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Bio2003 lit searching nov 2013

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Bio2003 lit searching nov 2013

  1. 1. BIO2003 Postgraduate Course Feedback Literature searching November 2013
  2. 2. Today we will cover… • How to access and use journal databases • How to search effectively to find relevant articles • How to access the articles you have found in full-text
  3. 3. What is a journal? • Similar format to a magazine • Published regularly • Focuses on a particular academic discipline • Contains articles by different authors • Also contains book reviews & editorials
  4. 4. What is in a journal database? • • This is an example of a record from the database Medline. Can you find these pieces of information in the record? Journal Title, Issue, Article title, Volume, Page Numbers, Date, Author/s • Is there an Abstract available? (What is an Abstract?)
  5. 5. Quick ways to find journal articles: 1) Google Scholar
  6. 6. Quick ways to find journal articles: 2) Summon MyUniHub My Study My Library Summon
  7. 7. Quick ways to find journal articles: 2) Summon
  8. 8. Journal databases • The chance to search a collection of journals that is specifically for your subject/s • More options to refine your search results • Journals are usually all peer-reviewed
  9. 9. Peer review • A formal procedure for checking the quality of research before it is published. • If a publication is peer reviewed it means it has been read, checked and authenticated by independent, third party academics (peers). • The quality-control system of academic publishing for hundreds of years.
  10. 10. Accessing journal databases MyUniHub My Study My Library Library subject guides (choose your guide) Resources tab Finding journal articles / Using databases
  11. 11. Key databases Web of Science (Science Citation Index) The leading science and technical journals Science Direct Elsevier’s excellent online journal package Medline The premier biomedical database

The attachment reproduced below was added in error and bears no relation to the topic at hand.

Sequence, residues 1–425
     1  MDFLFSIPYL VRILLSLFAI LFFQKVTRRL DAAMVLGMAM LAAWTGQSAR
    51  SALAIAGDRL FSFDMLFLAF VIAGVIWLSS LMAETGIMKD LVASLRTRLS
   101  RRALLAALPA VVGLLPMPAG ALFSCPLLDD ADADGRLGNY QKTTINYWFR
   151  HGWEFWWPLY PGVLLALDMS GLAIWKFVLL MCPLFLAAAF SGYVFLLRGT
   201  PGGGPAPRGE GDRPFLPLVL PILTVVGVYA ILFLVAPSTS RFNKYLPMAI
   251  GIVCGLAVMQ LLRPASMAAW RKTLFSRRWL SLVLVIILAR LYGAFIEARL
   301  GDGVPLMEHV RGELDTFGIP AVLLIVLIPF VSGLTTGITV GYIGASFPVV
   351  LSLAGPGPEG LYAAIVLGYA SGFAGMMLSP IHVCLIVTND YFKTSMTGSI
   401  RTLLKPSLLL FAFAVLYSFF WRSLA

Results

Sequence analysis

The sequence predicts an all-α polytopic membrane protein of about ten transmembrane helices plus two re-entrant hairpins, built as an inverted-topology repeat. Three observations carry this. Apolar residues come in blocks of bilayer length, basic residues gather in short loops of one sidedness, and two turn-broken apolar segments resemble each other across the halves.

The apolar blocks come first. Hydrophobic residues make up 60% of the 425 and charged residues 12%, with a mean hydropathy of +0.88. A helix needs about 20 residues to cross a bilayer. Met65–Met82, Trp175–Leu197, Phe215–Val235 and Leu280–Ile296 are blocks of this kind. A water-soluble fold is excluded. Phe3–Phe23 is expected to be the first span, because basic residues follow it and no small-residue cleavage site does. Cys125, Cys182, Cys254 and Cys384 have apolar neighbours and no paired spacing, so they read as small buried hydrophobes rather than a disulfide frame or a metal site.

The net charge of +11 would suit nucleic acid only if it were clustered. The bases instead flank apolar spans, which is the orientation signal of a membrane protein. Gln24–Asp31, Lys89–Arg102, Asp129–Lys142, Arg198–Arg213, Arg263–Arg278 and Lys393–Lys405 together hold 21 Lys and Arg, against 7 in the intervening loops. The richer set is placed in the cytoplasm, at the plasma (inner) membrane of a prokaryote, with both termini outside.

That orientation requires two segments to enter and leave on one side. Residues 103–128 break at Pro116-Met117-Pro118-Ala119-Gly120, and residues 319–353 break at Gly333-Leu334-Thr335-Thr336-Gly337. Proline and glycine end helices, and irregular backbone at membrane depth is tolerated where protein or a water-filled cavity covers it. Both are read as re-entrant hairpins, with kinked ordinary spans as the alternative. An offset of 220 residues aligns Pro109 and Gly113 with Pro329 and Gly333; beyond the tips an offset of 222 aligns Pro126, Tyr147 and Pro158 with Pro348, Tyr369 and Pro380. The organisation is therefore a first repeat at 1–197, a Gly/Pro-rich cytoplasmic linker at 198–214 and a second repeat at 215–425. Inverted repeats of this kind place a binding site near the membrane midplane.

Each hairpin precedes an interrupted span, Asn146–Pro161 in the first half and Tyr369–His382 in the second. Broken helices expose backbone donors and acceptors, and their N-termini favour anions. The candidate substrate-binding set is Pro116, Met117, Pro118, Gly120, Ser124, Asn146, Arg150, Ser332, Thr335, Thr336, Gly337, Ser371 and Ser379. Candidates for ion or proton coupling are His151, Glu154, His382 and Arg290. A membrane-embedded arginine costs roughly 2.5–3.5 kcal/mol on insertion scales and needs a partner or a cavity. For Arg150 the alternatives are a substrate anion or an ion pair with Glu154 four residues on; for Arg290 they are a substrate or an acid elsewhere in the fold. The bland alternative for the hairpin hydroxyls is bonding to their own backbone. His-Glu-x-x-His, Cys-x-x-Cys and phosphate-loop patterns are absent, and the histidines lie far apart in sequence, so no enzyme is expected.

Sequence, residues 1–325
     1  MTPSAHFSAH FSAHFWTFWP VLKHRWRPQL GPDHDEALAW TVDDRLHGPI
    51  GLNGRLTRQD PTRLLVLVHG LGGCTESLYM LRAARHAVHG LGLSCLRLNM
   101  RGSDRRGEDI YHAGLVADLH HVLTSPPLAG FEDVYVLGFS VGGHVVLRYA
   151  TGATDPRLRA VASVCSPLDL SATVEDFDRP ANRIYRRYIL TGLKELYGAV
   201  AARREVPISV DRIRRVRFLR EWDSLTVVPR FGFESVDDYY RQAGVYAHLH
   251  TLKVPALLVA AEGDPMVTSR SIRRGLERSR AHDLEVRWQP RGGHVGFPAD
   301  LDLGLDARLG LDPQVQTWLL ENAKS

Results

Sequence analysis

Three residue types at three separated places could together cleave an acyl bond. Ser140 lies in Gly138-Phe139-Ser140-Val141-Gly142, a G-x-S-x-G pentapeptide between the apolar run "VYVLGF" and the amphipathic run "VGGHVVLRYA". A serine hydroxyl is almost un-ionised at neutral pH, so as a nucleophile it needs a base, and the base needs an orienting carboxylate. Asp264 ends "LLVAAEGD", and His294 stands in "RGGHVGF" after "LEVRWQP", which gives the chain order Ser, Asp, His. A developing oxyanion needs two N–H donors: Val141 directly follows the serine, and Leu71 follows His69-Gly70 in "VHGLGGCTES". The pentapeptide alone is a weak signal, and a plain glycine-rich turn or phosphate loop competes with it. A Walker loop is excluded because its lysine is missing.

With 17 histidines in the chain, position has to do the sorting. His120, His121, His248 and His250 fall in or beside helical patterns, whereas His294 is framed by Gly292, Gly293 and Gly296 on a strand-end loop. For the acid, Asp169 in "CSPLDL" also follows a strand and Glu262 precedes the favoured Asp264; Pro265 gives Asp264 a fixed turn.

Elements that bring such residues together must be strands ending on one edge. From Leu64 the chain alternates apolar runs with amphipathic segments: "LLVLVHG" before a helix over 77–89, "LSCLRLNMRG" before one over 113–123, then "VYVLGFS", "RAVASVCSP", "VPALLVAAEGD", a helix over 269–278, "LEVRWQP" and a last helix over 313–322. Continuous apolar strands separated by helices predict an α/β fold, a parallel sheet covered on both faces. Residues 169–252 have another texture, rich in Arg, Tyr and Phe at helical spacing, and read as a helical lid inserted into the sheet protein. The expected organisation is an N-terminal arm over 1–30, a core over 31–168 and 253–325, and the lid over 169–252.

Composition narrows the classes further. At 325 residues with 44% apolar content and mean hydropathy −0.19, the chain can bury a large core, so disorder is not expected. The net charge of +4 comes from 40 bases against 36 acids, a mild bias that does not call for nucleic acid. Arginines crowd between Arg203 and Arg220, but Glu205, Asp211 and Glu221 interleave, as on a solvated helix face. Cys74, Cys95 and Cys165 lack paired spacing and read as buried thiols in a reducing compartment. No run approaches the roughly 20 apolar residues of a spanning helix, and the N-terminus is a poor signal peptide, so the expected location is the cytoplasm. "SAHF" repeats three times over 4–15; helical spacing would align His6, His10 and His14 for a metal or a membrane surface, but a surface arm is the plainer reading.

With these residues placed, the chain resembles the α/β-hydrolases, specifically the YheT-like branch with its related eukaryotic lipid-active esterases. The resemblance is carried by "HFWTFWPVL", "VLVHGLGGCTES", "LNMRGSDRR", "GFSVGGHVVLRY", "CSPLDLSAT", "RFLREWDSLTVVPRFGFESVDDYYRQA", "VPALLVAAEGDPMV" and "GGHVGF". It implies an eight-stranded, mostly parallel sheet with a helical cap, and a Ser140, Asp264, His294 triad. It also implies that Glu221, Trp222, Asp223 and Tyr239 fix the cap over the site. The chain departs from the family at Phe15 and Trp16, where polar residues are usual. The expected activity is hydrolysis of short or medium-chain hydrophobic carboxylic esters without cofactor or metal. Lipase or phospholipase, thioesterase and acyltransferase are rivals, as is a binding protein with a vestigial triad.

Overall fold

12. 12. A few search tips… • Look for an ‘Advanced search’ page • Use specific keywords (not long sentences) and combine them in separate search boxes. e.g. flood AND policy
  13. 13. A few search tips… • Try synonyms for your keywords e.g. congenital malformation / birth defects • To search for a phrase, use “ ” e.g. “climate change” • To find different word endings, use * e.g. flood* (finds flood, floods, flooding)
  14. 14. Web of Science (Science Citation Index) Choose only the databases that are relevant:
  15. 15. Science Direct To get full-text only: Choose Advanced Search, then the Journals tab Select Subscribed journals and Open Access articles Select 2003 to present
  16. 16. Medline
  17. 17. Have we got access to the full-text? • A link to the full-text article may appear. • If it does not, go to the Library Catalogue and do an A-Z Search for the journal title.
  18. 18. Have we got access to the full-text? Search the Library Catalogue to see if we have access to the full-text of this article:
  19. 19. If we do not have access… • Go to My Study > My Library > Inter-Library Loans, log in and complete a request form • You will receive a PDF link to the article via email • Takes 1-2 weeks. • There is a charge of £3 for this service
  20. 20. Other libraries • Sconul Access Scheme http://www.sconul.ac.uk/using_other_libraries/ac • British Library http://www.bl.uk/
  21. 21. Referencing
  22. 22. Referencing
  23. 23. Need help? • Librarians in the Specialist Zone (1st floor) 11-3 Monday – Friday (on call 9-11, 3-5) • Ask a Librarian http://askalibrarian.mdx.ac.uk/ • BMS Library Subject Guide http://libguides.mdx.ac.uk/biomedicalsciences

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